Fan Clubmoss - Running Cedar
Hardy Planting Zones -4 through 9
Bloom Season - Summer
Bloom Color - None
Height at Maturity - Less than six inches
Soil Type Preferred - Well drained acidic soils
Sun or Shade - Partial shade to full shade
Fan Clubmoss Running Cedar is a plant found throughout the eastern third of the U.S., from the Great Lakes to the Carolinas.
The Running Cedar is part of the family of clubmosses, known as Lycopdodiaceae, which are found in forest and woodland areas where they enjoy the shade provided by the canopy of the trees.
Running Cedar does not grow to any substantial height, spreading across the woodland area floor with its root system, known as runners that connect the plant to the soil and other branches.
The plant has a similarity to the bough of the cedar tree, which gives Running Cedar its common name due to its easy-to-identify appearance. When grown in the wild, the runners of the Running Cedar are not often seen because of the large number of leaves and other debris that litter the woodland floor.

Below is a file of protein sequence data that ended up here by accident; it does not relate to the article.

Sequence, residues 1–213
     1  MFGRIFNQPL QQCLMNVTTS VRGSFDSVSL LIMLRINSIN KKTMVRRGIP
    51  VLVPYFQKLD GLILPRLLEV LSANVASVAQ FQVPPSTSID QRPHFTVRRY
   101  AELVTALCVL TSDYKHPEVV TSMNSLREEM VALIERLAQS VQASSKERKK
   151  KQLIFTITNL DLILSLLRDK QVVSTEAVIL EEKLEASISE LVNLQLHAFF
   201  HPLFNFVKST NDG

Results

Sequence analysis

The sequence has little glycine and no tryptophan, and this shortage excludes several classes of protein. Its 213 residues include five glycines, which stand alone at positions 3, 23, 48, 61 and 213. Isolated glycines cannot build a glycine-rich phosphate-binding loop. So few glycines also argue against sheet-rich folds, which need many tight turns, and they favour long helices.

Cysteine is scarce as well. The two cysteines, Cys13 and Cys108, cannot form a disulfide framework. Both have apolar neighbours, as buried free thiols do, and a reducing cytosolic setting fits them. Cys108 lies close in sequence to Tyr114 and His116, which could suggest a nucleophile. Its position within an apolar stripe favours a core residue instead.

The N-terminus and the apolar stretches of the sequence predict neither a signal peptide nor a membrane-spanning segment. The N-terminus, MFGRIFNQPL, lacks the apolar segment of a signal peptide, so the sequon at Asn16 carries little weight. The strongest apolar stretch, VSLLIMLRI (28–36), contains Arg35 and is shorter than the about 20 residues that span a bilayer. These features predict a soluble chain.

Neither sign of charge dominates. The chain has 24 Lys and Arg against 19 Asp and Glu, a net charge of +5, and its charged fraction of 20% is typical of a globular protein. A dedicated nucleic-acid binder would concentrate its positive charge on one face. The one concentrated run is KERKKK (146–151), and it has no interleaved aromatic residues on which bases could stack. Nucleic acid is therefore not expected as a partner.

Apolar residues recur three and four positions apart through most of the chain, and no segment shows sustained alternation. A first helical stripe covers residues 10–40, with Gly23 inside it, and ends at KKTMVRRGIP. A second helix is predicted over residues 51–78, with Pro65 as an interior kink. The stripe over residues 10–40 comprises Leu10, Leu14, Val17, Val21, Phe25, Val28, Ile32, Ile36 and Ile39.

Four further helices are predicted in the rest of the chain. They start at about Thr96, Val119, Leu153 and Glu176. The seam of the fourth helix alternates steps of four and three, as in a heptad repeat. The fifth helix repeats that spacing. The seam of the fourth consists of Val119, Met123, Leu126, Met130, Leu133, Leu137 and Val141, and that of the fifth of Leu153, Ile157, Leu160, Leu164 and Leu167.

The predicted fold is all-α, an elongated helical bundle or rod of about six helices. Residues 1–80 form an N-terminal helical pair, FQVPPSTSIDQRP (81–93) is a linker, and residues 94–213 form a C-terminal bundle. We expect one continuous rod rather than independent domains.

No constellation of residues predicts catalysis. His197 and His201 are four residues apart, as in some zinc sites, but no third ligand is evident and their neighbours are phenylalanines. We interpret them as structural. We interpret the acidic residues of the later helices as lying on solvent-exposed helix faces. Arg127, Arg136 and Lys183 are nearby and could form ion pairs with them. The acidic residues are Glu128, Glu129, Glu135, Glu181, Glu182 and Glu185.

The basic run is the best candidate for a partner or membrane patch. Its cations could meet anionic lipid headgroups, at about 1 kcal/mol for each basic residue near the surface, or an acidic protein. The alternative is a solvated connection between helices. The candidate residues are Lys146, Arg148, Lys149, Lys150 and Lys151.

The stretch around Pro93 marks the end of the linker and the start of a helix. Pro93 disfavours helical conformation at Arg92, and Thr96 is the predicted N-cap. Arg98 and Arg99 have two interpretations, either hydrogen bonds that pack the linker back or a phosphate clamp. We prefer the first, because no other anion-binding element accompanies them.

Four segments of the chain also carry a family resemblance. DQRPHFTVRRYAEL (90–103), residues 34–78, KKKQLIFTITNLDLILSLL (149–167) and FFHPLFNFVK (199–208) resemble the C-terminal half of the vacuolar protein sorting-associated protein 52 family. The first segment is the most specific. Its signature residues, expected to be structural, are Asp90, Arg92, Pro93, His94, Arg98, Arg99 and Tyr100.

Running Cedar is a complex plant to transplant because it grows extremely slowly and needs moist soil to help it continue to grow. Because the Running Cedar location generally grows in means, it requires as little sun as possible to grow effectively. A part shade planting area will help the Running Cedar grow effectively with the complete shade is the best option for optimum growth. Each Summer, a large site emerges from the Running Cedar growing directly upward that carries the seeds of the plant usually carried around by passing animals. Outside the Summer, the Running Cedar maintains the low-lying appearance that gives it the appearance of a conifer or fern.